Dying to Find Out?
Well, not really. But then, those Near-Death-Experience people claim with great consistency that things really are better Over There. Come to think of it, so did my spiritual guide, the late Muhammad Subuh (d. 1987). He told his followers that the other life was absolutely superior to this one. So much so that the Almighty felt moved to instill the fear of death into humankind. Otherwise, if word got out, there would be massive suicides. Apparently, we are here in this “Vale of Tears” for a reason, and it’s important for us to stay in the game...
Why am I dealing this week with such a morbid subject? Well, I belong to two men’s groups. Both of them cater to men of a certain age. At just two months shy of 82, I tend toward the older end of the spectrum in them both. The resurgence of Covid no doubt brings the subject into sharper focus, especially for those of us who got our vaccination shots closer to the first of the year. In the church-related group, one of the guys said he’ll likely need heart surgery soon. Another member, in good health himself, is now principal caregiver to his lovely wife who has entered the increasing darkness of Alzheimer’s. In my secular men’s group, our senior member, at 88, had a recent stroke. Although his body and mind are back, he, alone among us, is a widower who lives by himself. The rest of us are blessed by strong, supportive women by our sides. When the subject would turn in the past to mortality, he would always state how he never thought about that subject. A retired Coast Guard commander, he was used to being in charge. Now, suddenly, his age had caught up with him. Another member, a half year older than me, had been hospitalized six months ago with a heart issue and came close to dying. And a third, about to turn 71, has recently been diagnosed with a rare, especially toxic form of Parkinson’s Disease.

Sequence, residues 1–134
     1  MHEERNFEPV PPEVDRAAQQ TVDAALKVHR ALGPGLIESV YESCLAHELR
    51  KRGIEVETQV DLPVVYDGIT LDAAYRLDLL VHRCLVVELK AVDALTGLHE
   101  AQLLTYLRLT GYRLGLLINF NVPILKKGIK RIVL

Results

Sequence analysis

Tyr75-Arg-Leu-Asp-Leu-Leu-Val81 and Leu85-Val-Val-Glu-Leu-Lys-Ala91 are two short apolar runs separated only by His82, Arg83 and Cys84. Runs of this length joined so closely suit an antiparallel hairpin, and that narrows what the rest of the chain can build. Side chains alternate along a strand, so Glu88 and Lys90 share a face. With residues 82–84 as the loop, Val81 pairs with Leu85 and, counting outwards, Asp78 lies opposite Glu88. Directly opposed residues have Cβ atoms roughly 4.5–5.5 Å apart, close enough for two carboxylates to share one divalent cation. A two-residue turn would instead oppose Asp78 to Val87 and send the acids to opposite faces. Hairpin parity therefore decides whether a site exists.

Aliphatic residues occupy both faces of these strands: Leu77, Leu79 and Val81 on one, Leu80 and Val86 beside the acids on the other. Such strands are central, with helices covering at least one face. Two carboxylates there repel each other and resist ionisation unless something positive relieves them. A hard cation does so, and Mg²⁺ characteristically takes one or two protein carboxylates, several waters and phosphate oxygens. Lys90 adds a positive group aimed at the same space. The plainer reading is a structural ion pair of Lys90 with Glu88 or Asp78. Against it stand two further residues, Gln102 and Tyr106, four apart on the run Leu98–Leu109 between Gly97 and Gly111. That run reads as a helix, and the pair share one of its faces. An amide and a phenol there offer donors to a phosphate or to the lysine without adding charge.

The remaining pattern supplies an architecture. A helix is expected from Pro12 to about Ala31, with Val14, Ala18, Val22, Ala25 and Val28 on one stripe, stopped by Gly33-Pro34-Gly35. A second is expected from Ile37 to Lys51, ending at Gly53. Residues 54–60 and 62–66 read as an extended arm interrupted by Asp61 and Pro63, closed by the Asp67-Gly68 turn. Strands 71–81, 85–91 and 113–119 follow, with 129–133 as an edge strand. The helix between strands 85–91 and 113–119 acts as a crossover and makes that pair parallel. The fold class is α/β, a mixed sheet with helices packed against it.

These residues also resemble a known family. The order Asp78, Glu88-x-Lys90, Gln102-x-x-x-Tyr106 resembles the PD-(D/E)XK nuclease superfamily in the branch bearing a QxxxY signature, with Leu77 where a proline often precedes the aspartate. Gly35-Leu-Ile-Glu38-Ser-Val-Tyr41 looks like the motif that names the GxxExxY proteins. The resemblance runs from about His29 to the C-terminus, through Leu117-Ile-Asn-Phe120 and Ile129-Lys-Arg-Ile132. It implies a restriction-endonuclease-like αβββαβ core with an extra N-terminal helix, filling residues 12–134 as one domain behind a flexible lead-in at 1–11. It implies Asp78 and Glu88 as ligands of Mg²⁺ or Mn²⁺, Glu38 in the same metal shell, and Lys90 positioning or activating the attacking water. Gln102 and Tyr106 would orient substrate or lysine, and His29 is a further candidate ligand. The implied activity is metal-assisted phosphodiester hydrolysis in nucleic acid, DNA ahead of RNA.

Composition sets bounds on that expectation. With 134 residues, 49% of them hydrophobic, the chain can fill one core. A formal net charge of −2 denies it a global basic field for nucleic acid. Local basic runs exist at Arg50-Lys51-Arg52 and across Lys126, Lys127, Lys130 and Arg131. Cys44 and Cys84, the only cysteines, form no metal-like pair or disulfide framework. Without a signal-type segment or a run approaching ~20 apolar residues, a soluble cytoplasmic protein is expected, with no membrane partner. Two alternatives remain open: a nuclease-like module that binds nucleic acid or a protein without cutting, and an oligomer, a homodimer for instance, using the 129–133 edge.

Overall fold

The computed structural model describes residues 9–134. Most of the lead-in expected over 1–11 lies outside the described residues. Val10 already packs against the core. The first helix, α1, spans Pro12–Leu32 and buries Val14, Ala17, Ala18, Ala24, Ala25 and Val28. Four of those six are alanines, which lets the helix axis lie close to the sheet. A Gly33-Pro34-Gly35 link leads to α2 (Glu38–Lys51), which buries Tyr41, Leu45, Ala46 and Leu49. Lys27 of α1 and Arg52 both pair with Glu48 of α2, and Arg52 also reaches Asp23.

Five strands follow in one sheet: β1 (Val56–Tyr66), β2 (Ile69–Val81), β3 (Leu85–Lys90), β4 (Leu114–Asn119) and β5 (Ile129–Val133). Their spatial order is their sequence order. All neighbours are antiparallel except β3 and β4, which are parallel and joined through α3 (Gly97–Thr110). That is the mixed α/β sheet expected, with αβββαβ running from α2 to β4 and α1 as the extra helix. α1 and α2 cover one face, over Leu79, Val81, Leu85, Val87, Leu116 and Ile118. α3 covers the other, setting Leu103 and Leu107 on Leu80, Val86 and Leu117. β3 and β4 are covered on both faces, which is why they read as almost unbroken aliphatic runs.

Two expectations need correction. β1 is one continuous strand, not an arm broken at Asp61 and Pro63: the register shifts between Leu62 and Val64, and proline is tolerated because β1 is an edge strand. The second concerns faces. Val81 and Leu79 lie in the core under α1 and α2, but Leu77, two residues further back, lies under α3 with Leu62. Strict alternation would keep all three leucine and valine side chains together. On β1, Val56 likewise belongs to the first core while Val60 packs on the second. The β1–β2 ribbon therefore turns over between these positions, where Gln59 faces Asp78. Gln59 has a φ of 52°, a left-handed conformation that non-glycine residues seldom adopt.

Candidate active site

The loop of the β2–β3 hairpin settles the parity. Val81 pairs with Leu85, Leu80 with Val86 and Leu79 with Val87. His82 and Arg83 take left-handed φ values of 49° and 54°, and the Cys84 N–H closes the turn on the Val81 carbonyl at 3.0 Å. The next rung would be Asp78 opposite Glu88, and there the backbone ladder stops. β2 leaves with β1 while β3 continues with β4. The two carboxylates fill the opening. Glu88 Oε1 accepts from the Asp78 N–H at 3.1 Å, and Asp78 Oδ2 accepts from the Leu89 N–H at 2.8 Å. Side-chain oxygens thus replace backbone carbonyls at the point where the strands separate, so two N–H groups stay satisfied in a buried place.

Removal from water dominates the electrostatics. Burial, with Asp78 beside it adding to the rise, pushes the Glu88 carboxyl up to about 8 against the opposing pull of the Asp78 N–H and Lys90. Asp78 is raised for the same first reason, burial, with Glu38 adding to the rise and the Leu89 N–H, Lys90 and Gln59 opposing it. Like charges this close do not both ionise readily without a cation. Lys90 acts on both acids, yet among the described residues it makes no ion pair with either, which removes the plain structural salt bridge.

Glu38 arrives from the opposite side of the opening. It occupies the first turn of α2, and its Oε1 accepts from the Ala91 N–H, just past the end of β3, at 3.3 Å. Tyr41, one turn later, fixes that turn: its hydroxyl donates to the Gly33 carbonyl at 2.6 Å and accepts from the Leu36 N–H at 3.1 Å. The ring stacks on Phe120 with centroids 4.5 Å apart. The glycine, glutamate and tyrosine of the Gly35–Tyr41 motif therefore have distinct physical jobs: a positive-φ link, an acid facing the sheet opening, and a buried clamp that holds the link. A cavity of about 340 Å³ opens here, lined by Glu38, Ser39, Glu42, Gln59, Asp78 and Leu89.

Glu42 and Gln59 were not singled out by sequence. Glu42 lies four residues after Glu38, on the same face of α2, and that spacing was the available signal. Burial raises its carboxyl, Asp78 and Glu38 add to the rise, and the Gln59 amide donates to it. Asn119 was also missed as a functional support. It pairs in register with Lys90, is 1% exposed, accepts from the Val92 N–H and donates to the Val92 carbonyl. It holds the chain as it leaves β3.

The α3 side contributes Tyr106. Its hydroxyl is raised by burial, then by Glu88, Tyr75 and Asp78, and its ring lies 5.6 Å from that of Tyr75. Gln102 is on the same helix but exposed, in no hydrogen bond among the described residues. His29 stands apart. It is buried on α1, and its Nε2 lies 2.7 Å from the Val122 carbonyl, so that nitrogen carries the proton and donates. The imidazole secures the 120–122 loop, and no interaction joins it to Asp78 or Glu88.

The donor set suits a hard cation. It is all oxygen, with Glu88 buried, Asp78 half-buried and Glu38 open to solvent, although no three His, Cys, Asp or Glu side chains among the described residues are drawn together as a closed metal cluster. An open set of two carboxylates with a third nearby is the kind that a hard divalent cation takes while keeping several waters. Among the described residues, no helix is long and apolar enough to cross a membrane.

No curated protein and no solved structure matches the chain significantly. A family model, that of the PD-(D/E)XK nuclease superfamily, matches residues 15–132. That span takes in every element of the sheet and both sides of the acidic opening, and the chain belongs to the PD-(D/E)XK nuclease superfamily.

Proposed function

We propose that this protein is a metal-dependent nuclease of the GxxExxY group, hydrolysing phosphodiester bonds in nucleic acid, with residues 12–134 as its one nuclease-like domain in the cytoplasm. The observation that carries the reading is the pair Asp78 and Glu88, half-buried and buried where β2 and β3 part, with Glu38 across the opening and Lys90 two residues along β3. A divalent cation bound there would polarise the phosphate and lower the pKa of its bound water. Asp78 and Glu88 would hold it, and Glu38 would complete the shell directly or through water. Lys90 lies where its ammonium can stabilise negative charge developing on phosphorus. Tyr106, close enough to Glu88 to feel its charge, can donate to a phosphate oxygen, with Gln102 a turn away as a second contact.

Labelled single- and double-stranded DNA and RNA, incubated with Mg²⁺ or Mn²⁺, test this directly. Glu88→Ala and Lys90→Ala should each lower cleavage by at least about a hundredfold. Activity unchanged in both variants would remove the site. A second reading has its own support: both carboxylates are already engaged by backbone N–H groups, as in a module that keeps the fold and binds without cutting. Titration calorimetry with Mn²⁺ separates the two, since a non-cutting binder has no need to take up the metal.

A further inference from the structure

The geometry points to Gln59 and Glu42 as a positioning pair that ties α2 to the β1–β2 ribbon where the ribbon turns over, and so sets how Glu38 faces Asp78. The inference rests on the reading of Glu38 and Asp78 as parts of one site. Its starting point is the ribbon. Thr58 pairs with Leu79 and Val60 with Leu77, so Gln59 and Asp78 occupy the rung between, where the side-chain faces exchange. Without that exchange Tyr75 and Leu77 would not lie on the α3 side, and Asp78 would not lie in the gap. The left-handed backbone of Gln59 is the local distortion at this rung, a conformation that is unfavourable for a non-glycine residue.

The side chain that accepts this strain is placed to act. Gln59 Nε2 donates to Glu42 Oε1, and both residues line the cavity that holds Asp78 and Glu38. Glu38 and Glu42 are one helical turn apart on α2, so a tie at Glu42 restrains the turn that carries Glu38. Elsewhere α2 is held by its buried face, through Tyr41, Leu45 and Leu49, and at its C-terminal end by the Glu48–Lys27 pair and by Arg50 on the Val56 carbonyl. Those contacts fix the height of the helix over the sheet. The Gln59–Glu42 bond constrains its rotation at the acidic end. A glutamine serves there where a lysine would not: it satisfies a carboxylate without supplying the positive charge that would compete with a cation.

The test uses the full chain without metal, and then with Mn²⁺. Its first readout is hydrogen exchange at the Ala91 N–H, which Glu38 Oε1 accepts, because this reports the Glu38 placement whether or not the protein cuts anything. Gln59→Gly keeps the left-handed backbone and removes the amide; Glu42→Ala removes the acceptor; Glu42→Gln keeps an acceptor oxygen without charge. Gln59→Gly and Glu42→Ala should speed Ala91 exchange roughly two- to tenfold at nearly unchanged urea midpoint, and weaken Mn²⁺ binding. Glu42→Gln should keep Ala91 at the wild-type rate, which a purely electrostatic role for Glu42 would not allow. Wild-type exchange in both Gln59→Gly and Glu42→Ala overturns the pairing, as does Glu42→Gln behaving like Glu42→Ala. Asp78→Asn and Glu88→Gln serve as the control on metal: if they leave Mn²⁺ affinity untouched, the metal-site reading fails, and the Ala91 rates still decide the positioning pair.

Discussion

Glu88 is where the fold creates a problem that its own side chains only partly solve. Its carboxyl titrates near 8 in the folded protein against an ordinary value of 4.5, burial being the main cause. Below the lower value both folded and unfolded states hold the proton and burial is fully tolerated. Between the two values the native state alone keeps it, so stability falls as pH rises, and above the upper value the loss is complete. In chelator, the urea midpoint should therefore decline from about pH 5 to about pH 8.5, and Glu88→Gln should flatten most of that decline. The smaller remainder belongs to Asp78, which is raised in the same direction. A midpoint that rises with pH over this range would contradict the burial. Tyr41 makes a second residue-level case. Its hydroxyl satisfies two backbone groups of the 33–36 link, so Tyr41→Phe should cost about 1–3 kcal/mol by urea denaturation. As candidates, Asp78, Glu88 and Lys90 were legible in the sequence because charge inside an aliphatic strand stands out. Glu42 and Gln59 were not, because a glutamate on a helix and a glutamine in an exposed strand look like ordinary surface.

Given this context, I feel blessed to have a spiritual Control Tower staffed by top-rate Professionals. Not that I’ll continue flying forever. Of course not! But I think of Don Juan’s advice to Carlos Castaneda: “Take death as your ally.” Hamlet and other intellectuals back in the day would adorn their desks with skulls as memento mori, reminders of death, to help them live life to the fullest. For the time cometh when we will neither reap nor sow. How true is that?! When my turn came to share at the latter men’s group this morning, I chose to recite some of the last lines of Tennyson’s “Ulysses”: “Tho’ much is taken, much abides; and tho’/We are not now that strength which in old days/Moved earth and heaven, that which we are, we are;/One equal temper of heroic hearts,/Made weak by time and fate, but strong in will/To strive, to seek, to find, and not to yield.” Until the time comes, that is, when yielding is the bravest thing we can do.
Leave a Reply.